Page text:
Some coworkers and I were talking recently about what we thought a really mature agile organization would be like, and one of them had fun re-writing the lyrics to Imagine by John Lennon. I enjoyed it so much that I had to share:
When agilists talk about the differences between project managers and scrum masters, it often sounds like "scrum masters good, project managers bad." I've attempted to explain the differences before, and I've gotten some criticism for it. 99u posted an article on Top 10 Characteristics of GREAT Project Managers that I think can help differentiate between the two roles, so let's look at their list and compare:
1. Command authority naturally.
The article elaborates that a great project manager doesn't need borrowed power to enlist the help of others and is valued by the organization. Great scrum masters are servant leaders who remove impediments for their teams and organizations. Rather than command "authority," I think they command respect.
2. Possess quick sifting abilities, knowing what to note and what to ignore.
Great scrum masters listen to their intuition and trust their instincts. Listening and observing a team's interactions, they sense when there is conflict or confusion. Most importantly, great scrum masters are not tied to their own judgments or interpretations; they frequently ask the team questions to foster a shared understanding and encourage the team to own decisions. They also help protect the team from distractions during the sprint, so the team can focus on the sprint goal.
3. Set, observe, and re-evaluate project priorities frequently.
To me, the difference between a project manager and a scrum master is what they are focused on. Project managers are focused on the project work, and a scrum master is focused on fostering a high performing team. There are absolutely project managers who also foster high performing teams, and there are certainly scrum masters who work very closely with their product owners and teams to help them manage projects. But what I experienced as a project manager who transitioned to a scrum master, and what I see for those I coach to make the same transition, is that we get triggered and revert back to some old behaviors--not just command and control behaviors, but also ones where we feel the need to understand details or reprioritize work for efficiencies or offer solutions. The product owner is responsible for setting priorities in scrum (not the scrum master).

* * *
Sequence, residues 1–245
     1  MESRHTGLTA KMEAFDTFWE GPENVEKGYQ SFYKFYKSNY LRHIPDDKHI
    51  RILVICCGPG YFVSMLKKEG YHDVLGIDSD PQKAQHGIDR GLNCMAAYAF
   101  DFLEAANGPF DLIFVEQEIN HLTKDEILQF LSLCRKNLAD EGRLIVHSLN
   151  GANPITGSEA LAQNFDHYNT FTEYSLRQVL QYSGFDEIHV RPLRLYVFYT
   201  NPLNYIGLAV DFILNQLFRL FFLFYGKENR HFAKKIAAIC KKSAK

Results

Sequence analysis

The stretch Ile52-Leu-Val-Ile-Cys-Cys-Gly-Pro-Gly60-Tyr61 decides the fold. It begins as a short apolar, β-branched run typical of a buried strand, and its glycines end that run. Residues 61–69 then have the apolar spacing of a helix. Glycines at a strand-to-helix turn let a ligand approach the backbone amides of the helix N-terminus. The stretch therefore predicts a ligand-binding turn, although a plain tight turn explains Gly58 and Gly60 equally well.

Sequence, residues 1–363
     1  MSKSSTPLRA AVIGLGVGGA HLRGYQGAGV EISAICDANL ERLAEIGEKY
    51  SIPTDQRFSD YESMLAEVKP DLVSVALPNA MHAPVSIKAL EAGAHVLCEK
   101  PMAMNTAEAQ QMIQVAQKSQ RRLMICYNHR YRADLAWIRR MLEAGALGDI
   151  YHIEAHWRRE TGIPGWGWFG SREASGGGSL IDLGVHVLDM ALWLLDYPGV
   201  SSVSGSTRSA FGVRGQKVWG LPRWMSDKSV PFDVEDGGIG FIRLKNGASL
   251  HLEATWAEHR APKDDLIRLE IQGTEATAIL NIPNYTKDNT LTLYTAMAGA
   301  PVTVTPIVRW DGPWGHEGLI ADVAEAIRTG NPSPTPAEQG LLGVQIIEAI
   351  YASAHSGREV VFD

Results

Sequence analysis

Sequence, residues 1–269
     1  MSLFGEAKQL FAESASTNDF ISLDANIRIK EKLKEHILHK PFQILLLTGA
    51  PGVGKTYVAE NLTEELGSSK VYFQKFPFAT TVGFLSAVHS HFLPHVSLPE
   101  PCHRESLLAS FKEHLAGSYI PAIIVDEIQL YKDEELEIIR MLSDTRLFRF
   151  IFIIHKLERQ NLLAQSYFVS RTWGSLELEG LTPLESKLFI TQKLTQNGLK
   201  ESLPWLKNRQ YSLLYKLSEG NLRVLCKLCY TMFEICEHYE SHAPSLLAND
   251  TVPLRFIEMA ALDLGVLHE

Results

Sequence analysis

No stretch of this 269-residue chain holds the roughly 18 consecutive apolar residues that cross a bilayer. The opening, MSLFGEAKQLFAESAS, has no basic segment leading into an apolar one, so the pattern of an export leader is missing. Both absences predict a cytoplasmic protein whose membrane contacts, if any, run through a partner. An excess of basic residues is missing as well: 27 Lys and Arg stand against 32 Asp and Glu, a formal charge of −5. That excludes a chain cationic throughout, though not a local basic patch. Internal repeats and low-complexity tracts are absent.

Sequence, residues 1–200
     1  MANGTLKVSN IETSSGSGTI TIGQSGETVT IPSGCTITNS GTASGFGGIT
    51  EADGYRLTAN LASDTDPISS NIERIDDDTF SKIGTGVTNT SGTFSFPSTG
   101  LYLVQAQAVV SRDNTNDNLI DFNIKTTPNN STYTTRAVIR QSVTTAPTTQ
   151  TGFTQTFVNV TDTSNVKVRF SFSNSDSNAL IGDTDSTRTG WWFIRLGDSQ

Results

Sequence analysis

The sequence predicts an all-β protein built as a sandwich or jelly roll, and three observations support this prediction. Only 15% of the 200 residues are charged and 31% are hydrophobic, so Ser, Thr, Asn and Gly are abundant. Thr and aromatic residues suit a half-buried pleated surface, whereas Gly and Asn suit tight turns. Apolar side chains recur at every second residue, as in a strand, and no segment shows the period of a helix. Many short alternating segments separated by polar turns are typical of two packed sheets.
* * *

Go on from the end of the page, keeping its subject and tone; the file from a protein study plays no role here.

4. Ask good questions and listen to stakeholders.
Scrum masters do ask questions--powerful questions that push the team's thinking to create possibility. They inspire and motivate and move the team closer to what they desire. In fact, many of the questions that a scrum master asks might not be for him to understand better--it is for the team to gain a better understanding. The scrum master is listening to what is being said and what is not. He notices how in tune the team is with the product owner, stakeholders, and customers. A project manager often asks questions to gain clarification for herself and for her project team.
5. Do not use information as a weapon or a means of control.
Scrum is based on transparency, and scrum masters also do not use information as a weapon or a means of control.
6. Adhere to predictable communication schedules
Scrum masters may uphold the team's sprint cadence and set some regular communications. I've also noticed that great scrum masters are communicating regularly and don't wait for a meeting to provide information.
7. Possess domain expertise in project management as applied to a particular field.
Scrum masters need some expertise in scrum and may not need to know deeply about the particular field or domain their team is working in. When hiring a scrum master, experience in a given field is rarely a requirement.
8. Exercise independent and fair consensus-building skills when conflict arises.
Scrum masters expect constructive disagreement within their teams and facilitate conflict as needed. Their goal is to help the team to process the conflict and come to a consensus.
9. Cultivate and rely on extensive informal networks inside and outside the firm to solve problems that arise.
This is a must in order for scrum masters to remove impediments.
10. Look forward to going to work!
I hope this is true for Scrum Masters too!
Transitioning from a project manager to a scrum master is like learning to dance--some people pick it up quickly, and others take longer. The dance is in figuring out when to teach, when to facilitate, when to coach, and when to mentor. It is challenging, and I think that's what makes it interesting. A project manager role is different from a scrum master role, and that's not to say that one is better than the other: they just have different expectations and responsibilities.
When I was growing up, I never imagined that I would become an agile coach. I had no idea what that meant--it didn't exist. I wanted to be an artist, a music teacher, a programmer, an interior decorator... I wanted to be a lot of different things over the years. And now that I am an agile coach, I sometimes wonder what I'll be doing years from now. Where is our industry headed? Will agile coaching still exist?